THE first building in the UK to be powered by wind and hydrogen is being developed by a North-East company as it continues to lead the way in the field of renewable and sustainable energy sources.
Newcastle-based TNEI Services has been commissioned by Yorkshire Forward (the regional development agency for Yorkshire) to provide the power for the project in Rotherham.
And it comes as the company is looking to almost double its workforce early next year with its 2007 turnover of £4m projected to jump to £6m in 2008.
TNEI will install a wind turbine on the £8.7m Environmental Energy Technology Centre (EETC) at Advanced Manufacturing Park in Rotherham to generate hydrogen gas which will be stored and then converted into electricity.
Jason Stoyel, TNEI’s technical manger, said: “This development is a real life Tomorrow’s World-style project which will demonstrate to the wider community how hydrogen can be used in a commercial setting.
“It is the first of its kind on this scale – where conventional wind energy will be used on site to generate hydrogen.”
The EETC opens next year as an entirely energy self-sufficient centre which will house more than 30 businesses working in the renewable energy industry. Matthew Lumsden, managing director of TNEI, said: “TNEI is entering a major period of expansion. We are working on some innovative and exciting projects and need to build on our already strong and dynamic team to support this business development.
“We are looking to recruit at least 17 to 20 new consultants and engineers over the next 12 months – with an immediate requirement of 10 new members of staff with planning and environmental experience.
“In the new year, we will be embarking on a round of advertising in both the regional Press and in industry specific publications to identify potential recruits.”
TNEI Services is a private limited company employing around 40 people with offices in Manchester and Woking as well as the Newcastle headquarters. It is structured around five consultancy groups; planning and environmental; power systems and technology, energy management and renewables, software development and strategy and culture.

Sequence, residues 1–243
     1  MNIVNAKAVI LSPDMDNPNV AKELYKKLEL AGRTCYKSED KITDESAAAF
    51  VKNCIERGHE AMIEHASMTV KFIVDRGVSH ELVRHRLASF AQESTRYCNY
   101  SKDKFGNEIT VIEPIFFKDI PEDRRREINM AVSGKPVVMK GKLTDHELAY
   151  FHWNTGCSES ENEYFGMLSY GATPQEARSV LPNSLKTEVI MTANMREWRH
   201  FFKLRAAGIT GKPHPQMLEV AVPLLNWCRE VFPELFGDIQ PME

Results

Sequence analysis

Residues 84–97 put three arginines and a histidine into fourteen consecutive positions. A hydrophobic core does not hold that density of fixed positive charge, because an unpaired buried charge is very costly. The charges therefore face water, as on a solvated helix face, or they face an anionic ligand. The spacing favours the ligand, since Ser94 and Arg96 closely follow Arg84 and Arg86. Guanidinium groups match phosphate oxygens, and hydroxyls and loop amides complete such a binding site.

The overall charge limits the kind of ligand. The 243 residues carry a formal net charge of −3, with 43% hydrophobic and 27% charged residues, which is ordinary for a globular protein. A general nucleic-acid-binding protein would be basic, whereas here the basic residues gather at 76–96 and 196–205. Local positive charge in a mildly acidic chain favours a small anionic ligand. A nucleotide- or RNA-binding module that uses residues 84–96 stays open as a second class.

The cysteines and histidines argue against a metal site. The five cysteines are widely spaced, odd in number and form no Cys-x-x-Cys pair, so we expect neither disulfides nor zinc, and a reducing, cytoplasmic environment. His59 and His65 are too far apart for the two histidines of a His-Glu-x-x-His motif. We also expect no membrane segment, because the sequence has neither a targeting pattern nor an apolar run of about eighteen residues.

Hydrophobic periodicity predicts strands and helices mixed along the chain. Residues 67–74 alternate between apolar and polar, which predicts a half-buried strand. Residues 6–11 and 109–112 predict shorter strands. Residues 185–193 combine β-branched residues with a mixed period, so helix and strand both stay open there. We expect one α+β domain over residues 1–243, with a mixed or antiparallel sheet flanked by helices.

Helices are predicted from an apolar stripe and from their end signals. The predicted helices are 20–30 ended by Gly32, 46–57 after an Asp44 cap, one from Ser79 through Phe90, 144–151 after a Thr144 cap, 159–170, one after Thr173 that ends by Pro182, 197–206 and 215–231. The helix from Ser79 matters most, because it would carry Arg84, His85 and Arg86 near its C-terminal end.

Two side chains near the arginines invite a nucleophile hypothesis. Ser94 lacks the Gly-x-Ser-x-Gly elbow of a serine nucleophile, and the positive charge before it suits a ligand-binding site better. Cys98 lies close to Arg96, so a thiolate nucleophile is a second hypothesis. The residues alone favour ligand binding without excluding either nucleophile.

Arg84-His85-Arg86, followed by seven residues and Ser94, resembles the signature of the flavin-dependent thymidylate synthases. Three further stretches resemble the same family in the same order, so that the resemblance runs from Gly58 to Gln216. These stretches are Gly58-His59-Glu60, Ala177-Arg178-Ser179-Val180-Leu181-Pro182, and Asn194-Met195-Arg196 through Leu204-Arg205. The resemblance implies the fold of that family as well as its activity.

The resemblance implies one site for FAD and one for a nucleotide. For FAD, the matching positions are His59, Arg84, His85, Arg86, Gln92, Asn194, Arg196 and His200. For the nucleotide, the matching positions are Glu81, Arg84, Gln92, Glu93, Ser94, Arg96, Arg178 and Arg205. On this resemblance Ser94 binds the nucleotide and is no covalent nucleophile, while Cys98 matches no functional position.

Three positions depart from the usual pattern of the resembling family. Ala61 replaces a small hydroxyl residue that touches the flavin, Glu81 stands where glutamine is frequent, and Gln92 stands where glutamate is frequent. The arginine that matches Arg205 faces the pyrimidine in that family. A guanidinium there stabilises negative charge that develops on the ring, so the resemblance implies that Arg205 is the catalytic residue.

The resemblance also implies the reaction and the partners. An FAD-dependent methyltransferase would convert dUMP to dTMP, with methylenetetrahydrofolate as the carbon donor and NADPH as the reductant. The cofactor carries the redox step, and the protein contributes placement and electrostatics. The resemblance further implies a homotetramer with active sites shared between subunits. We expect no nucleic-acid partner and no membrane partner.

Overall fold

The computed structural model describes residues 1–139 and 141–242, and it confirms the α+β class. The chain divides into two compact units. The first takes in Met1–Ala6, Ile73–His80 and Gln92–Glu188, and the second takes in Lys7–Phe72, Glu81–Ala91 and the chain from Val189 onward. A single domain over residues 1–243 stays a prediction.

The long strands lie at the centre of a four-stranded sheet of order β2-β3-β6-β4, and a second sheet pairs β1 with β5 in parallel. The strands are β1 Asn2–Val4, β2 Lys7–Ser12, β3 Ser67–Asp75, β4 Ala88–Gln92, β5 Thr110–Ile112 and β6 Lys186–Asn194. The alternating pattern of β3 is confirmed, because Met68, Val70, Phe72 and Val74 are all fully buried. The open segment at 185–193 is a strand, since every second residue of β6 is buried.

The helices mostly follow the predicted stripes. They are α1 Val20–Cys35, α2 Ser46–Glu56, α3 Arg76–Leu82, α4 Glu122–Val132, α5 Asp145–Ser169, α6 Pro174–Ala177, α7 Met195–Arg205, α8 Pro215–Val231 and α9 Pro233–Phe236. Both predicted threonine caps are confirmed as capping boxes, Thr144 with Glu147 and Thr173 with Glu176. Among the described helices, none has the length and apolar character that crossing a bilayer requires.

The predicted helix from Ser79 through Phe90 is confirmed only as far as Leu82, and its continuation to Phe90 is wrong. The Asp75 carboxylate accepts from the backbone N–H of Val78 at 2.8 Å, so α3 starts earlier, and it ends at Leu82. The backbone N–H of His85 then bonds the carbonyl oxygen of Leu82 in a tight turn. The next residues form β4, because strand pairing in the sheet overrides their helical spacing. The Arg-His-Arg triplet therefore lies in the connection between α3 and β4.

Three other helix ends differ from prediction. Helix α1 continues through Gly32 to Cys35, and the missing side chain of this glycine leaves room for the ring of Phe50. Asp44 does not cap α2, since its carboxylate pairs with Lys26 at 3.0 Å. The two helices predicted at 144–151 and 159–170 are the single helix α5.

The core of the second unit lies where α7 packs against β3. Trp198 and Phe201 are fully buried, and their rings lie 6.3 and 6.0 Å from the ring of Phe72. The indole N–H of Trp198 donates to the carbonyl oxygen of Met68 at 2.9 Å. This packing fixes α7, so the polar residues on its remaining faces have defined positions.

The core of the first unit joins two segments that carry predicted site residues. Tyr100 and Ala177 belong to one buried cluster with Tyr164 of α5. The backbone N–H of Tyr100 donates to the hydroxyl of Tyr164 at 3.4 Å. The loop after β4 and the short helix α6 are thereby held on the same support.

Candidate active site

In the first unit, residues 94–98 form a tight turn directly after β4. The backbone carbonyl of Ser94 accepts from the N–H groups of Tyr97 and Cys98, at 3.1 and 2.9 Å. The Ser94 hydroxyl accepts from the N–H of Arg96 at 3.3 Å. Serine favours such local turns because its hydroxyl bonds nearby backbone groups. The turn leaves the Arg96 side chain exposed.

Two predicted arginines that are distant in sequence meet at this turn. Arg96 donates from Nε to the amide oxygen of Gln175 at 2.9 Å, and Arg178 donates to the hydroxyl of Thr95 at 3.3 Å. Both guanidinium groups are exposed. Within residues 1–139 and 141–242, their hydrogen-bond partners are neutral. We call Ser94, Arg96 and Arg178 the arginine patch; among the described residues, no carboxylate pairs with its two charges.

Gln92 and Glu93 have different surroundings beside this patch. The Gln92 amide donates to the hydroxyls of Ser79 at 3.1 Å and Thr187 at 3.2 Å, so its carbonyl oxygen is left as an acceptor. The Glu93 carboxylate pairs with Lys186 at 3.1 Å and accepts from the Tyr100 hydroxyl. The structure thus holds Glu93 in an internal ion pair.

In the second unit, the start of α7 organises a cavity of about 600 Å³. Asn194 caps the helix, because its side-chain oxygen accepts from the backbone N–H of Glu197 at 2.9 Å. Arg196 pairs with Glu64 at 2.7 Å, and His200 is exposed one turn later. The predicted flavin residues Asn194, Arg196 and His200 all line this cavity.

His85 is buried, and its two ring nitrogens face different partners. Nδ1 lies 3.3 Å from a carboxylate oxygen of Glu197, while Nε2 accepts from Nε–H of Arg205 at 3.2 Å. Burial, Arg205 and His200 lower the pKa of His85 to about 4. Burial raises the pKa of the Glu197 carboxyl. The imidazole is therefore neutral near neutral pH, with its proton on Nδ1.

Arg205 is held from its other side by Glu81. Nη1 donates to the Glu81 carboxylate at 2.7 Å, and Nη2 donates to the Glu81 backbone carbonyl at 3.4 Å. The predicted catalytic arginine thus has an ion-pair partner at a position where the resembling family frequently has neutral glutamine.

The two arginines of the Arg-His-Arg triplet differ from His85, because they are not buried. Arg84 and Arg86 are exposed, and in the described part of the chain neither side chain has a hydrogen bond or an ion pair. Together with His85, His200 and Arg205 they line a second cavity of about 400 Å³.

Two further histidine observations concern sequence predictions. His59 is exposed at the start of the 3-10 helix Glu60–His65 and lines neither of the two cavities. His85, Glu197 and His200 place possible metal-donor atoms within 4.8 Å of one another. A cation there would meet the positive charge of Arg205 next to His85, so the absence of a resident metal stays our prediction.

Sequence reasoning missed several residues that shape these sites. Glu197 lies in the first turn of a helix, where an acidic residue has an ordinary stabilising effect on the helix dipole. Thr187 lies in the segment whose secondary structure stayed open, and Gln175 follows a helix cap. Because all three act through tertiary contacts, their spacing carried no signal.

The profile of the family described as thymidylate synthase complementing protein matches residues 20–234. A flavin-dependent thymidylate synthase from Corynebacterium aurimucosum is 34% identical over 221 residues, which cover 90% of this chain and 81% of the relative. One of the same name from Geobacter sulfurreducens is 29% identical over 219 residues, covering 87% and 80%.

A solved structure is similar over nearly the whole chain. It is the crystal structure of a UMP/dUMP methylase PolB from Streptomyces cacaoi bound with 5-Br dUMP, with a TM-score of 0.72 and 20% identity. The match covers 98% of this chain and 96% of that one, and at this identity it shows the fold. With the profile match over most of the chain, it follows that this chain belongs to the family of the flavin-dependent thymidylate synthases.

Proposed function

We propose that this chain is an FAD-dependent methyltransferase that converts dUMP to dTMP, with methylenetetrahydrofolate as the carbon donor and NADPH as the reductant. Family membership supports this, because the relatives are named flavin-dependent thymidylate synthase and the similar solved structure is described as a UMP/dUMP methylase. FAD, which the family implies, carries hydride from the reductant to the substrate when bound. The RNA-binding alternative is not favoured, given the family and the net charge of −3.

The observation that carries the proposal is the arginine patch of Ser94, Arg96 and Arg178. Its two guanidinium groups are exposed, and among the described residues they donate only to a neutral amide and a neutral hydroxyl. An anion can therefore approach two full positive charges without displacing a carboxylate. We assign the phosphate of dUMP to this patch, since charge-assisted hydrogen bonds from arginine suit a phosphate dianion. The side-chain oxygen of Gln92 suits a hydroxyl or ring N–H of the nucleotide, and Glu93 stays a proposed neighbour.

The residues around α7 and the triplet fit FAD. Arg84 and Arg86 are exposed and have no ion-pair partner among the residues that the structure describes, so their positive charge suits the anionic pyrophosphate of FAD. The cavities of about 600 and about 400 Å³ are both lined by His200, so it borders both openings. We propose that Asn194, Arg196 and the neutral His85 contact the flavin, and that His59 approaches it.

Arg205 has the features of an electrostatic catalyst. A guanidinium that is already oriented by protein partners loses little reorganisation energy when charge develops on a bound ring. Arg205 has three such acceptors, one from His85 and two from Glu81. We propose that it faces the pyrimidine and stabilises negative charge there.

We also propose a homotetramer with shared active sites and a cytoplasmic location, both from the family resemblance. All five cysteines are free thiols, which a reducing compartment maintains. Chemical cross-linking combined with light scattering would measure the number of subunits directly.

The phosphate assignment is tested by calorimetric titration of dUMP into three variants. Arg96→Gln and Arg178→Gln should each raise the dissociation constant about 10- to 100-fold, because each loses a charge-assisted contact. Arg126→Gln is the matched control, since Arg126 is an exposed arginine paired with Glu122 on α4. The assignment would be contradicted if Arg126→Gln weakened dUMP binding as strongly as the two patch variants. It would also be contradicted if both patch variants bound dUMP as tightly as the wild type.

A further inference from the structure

The company has also secured a contract to provide renewable energy wind turbines for up to 2,000 Tesco stores. The roll out of these new turbines has begun in the North-East with the installation of a turbine at Tesco’s store in Newton Aycliffe in County Durham.
The turbines differ from the standard ones in that they are vertical axis machines. Instead of rotating like a windmill, the new turbines are smaller and have compact rotors consisting of six vertical aerofoils.
How wind and hydrogen power work
Wind turbines use the wind to generate mechanical power for electricity generation.
The turbines convert the wind power (kinetic energy) that passes through the rotors into electrical energy.
This energy is then used to directly provide power for buildings – as is the case at the Nissan site in Sunderland – or to feed into the national grid, via underground or overhead cables.
The UK is particularly well placed to use wind power, having access to something like 40% of the entire European wind resource.
A wind turbine generates energy that is linked to an electrolyser that produces hydrogen at high pressure.
The hydrogen is stored at high pressure in fuel cells, creating a store of “green” hydrogen.
When needed the hydrogen will be used in fuel cells to provide electricity to light and power the offices.
Surplus hydrogen can be stored on site and can even be used as fuel for cars.